Port Elizabeth has a reputation for being “the friendly city”, and its great schools, sandy beaches, salt-scented air and relaxed pace of life have certainly won the town many devoted residents. Thanks to the uncertain South African economy and increasing mortgage interest rates, however, many of those residents are hesitating to take that first step onto the property ladder. This trend, while not ideal for the short-term property market, is having a very positive effect on demand for local rentals.
“Port Elizabeth has always had a fairly strong rental market,” says
Erna Dyer, the Rawson Property Group’s rental franchisee for the city. “Our tenant demographics include students, young couples, older people scaling down, families relocating from other provinces, and – of course – people who are not in a financial position to qualify for their own property purchases.”
While this diversity has kept rental demand healthy for many years, Dyer has noticed increasing numbers of tenants choosing to continue renting instead of making the move to own property themselves.
“The banks’ lending criteria are very strict, so there are people who may previously have qualified for a mortgage that no longer do,” she says, “but I also think buyers are becoming more cautious, and are choosing to wait and see what happens with the economy before making a long-term commitment like a property purchase. As a result, we’re seeing growing demand for rentals from people who would previously have been typical first-time buyers.”
According to Dyer, mid-range rentals remain the most popular, bringing in between R4000 to R6500 per month. Houses and townhouses with gardens and garages are increasingly sought-after.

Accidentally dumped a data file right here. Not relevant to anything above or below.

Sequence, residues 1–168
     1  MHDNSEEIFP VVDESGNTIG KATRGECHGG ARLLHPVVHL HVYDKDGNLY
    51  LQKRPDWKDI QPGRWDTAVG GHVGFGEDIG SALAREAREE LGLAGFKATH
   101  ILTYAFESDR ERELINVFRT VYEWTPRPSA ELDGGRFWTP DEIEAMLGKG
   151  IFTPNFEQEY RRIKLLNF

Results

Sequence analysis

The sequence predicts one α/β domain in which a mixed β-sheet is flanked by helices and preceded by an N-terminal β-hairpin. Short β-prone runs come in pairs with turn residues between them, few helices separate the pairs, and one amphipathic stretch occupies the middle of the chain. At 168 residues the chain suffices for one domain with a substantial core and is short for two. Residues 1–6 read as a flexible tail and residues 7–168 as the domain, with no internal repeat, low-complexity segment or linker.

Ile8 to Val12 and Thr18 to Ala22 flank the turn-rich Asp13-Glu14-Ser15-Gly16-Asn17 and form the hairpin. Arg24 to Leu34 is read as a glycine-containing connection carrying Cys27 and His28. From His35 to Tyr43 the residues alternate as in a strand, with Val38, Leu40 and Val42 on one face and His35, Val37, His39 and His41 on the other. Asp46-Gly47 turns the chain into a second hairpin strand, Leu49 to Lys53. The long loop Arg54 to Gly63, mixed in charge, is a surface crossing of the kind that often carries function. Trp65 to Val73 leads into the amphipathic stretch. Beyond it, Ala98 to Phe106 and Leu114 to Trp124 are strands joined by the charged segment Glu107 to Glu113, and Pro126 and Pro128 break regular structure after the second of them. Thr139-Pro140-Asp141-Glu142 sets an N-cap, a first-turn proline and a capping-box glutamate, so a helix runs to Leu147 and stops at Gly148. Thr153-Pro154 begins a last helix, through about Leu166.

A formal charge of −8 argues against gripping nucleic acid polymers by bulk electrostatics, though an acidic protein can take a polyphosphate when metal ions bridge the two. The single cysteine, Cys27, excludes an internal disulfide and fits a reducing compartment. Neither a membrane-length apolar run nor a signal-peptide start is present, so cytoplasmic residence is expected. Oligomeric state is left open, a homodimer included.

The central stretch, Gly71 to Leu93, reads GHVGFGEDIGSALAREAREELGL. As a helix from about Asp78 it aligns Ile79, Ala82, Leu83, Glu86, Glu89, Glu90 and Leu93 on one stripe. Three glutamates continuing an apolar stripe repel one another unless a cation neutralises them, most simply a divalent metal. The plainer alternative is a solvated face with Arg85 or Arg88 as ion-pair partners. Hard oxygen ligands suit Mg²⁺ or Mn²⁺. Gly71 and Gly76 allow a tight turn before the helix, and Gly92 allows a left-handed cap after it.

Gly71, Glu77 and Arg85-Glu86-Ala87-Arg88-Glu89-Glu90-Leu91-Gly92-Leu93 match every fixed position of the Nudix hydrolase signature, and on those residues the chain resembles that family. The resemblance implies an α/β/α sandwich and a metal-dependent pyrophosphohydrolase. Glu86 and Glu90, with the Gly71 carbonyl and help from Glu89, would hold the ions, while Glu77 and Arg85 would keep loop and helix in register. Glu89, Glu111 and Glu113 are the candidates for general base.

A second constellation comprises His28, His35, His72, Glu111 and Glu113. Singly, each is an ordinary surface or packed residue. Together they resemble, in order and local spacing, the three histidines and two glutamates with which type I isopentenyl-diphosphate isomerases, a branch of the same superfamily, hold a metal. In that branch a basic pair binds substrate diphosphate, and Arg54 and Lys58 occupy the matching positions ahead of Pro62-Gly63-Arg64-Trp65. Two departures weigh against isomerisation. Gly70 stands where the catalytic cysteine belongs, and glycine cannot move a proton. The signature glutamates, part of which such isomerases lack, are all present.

“Students usually prefer apartments – and that market segment is still popular – but as people start settling down and starting families, they enjoy a little more space for kids and pets and entertaining,” says Dyer. “We’re seeing huge demand for rental properties that cater to these needs lately, which supports the theory that fewer people are buying starter homes and are opting to rent instead.” For prospective landlords, this could offer great investment potential.
“We definitely don’t have enough mid-range stock at the moment, so buy-to-let is a good bet in that segment,” says Dyer, “but landlords do need to be aware that they won’t cover 100% of their bond with rental income at the outset.”
Annual rental increases in Port Elizabeth are currently sitting between 5 and 6% on average, but could escalate in future as demand climbs. In terms of tenant reliability, however, PE is above the national average – at least across Dyer’s extensive portfolio.
“The national average has 82% of tenants paying their rent on time, but we manage to collect 95% of payments on time at our office,” she says. “A lot of this is due to very strict tenant screening processes, which are essential for any successful rental property.”
Dyer urges landlords who are not using a rental agent to examine prospective tenants’ complete risk profiles, rather than merely their income statistics. This includes looking at their disposable income, consumer account behaviour, and – most importantly – getting references from current and previous landlords or rental agencies.
“It’s easier and less risky to appoint a rental agent to manage your property and collect your rent,” says Dyer, “but if you do decide to handle things privately, it’s imperative that you tick all the necessary legal boxes. That means solid lease documentation, detailed tenant screenings and regular inspections. It can be time-consuming, but it’s the only way to ensure a secure and profitable investment.”